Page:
Carlos Ghosn May Have Spent Company Funds On Wedding Party, Renault Says
PARIS — The French carmaker Renault on Thursday suggested publicly for the first time that Carlos Ghosn, its embattled former chairman and chief executive, may have misused company money to finance a lavish Marie Antoinette-themed party at Versailles to celebrate his second marriage and his new wife’s 50th birthday.
Renault said in a statement that it had notified the French judicial authorities that Mr. Ghosn, the longtime leader of a car-making alliance that also includes Nissan and Mitsubishi, had personally benefited from “an exchange worth 50,000 euros,” or about $57,000, in connection with the 2016 party.
France’s justice ministry did not immediately comment on whether it would pursue an investigation into the matter. The disclosure nonetheless threatened to increase the legal jeopardy swirling around Mr. Ghosn, who is in a Tokyo jail on charges that he underreported his income as Nissan chairman. Renault had previously said that an internal review raised no questions of wrongdoing on his part.
The funds at issue are connected to a €2.3 million donation Renault made to Versailles under a 2016 sponsorship deal. Versailles officials said in a statement Thursday that the sponsorship was meant to finance renovations at the extravagant estate, which was once home to French kings and is now among the country’s top tourist attractions.
In exchange, the carmaker was entitled to use the property for an equivalent rental value of up to 25 percent of the contribution. Any Versailles properties Renault used under the deal were to be solely for company activities like team building, not for personal events, according a person with knowledge of the situation who was not authorized to speak publicly on the matter. The donation came from a budget controlled by the office of Mr. Ghosn in his role as Renault’s chairman and chief executive, the person said.
The Versailles statement said Renault had asked to rent space in the Grand Trianon, a mansion on the palace grounds, and an adjacent gallery for a dinner, on Oct. 8, 2016 — the day of Mr. Ghosn’s party. The rental was valued at €50,000, the statement said.
Jean-Yves Le Borgne, Mr. Ghosn’s French lawyer, said: “Carlos Ghosn paid for all of his wedding expenses. The event space at Versailles was made available to him without charge, and Mr. Ghosn was unaware that the use of the space would be charged against Renault’s allotted usage.”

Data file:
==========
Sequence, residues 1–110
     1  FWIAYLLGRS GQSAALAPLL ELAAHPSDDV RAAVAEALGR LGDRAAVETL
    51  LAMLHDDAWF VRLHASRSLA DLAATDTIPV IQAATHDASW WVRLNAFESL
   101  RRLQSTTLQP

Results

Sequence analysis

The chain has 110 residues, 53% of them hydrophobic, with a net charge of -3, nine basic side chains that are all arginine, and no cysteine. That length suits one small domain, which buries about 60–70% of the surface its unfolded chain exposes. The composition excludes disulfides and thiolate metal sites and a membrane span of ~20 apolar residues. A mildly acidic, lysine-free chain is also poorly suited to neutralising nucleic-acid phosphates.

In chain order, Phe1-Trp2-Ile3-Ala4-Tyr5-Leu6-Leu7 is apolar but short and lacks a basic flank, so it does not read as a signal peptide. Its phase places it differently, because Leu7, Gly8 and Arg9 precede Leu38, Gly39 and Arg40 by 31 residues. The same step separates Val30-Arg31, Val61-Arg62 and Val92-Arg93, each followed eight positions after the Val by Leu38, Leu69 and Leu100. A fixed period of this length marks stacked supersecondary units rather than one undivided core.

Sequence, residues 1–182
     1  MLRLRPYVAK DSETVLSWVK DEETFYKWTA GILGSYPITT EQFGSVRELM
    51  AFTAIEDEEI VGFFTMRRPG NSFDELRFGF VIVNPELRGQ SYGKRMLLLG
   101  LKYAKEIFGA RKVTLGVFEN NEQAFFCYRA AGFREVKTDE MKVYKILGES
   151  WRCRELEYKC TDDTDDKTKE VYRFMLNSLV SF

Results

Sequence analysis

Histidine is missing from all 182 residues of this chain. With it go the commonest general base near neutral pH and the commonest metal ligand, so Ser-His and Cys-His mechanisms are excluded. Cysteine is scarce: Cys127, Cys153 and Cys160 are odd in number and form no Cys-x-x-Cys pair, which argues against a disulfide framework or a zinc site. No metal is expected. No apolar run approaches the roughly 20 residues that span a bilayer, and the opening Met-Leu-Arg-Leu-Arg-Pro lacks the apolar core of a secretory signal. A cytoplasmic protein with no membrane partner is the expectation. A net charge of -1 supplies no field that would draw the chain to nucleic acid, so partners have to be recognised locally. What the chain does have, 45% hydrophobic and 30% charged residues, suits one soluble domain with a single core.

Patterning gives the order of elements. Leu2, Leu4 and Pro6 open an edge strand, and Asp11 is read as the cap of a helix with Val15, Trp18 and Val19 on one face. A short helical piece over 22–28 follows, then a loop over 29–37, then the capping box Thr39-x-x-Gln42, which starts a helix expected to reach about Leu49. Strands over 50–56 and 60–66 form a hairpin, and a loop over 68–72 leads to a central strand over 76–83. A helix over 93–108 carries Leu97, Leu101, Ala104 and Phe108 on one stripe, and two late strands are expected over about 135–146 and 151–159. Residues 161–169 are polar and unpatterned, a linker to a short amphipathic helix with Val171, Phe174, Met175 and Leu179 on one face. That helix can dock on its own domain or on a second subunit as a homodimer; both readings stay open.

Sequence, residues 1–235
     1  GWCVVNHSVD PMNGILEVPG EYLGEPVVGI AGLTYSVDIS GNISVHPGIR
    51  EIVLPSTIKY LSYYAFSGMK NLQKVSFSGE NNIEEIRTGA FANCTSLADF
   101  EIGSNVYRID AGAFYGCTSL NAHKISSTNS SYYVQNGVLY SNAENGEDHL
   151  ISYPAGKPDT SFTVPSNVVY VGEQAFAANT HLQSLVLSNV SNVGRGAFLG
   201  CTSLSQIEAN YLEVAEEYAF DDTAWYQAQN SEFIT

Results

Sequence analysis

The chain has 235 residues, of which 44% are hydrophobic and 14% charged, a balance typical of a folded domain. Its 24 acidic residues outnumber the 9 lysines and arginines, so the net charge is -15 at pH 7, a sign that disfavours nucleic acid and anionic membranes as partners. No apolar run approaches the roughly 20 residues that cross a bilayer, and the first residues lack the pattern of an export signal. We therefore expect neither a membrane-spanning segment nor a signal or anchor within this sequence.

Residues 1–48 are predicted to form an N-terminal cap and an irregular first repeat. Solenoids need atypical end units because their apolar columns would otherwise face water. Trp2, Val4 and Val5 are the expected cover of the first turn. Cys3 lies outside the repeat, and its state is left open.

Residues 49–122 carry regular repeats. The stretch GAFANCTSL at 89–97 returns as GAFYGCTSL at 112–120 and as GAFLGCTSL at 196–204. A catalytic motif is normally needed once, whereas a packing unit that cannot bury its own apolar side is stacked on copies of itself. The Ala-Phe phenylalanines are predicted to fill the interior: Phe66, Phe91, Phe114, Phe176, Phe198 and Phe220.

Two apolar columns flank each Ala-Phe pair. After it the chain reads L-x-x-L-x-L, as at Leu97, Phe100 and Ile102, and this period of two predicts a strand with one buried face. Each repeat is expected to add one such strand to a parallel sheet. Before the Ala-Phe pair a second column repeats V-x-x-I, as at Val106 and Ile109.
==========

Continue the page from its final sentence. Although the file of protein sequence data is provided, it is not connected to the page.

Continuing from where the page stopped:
In a subsequent statement, a spokeswoman for Mr. Ghosn said he would reimburse Versailles.
The French news outlet Le Figaro reported Thursday that an invoice from an event company that organized the party listed the rental as being “offered by Versailles,” an indication that it had been a personal gift to Mr. Ghosn.
Even with no money changing hands, staging a personal party at Versailles under the sponsorship deal could be considered an abuse of corporate assets, a criminal offense in France that carries penalties of up to five years in prison and a fine of €375,000, or about $425,000.
The black-tie event with 120 guests included actresses in period clothing and powdered wigs welcoming Mr. Ghosn and his second wife, Carole. The reception hall was tended by white-suited waiters and featured tiered golden dishes filled with macarons, and a towering, pyramid-shaped wedding cake made of choux pastry.
“When you invite people to a party, they say maybe,” Mr. Ghosn told Town & Country magazine, which splashed paparazzi photos of the event across its pages. “When you invite them to Versailles, they will come.”
Photos of the party have surfaced recently on social media, circulating widely as symbols of excess amid the so-called Yellow Vest protests against income inequality.
Renault began to examine Mr. Ghosn’s financial activities in France after he was arrested on his private jet at Tokyo’s international airport in November. He has been in jail there since.
Renault and Nissan have also been conducting a joint inquiry into a Dutch corporate entity that Mr. Ghosn led, Renault-Nissan BV, which the Japanese authorities have said he used to finance extra benefits for himself, including acquiring several homes with Nissan money.
The inquiry, which is being led by Mazars, an auditing firm based in Paris, is expected to encompass executive compensation, payments to consultants and general expenses, according to two people familiar with the situation.
For weeks, Renault stood by Mr. Ghosn. As it became apparent he could not be released on bail before a trial in Japan, he resigned, paving the way for the French automaker to appoint a new chairman and chief executive.
Mr. Ghosn insists that he is innocent of all charges. He said in recent interviews with Japanese and French newspapers that he was the victim of “plot and treason” by other Nissan leaders who wanted to thwart his plans to bring the alliance partners together under a single holding company.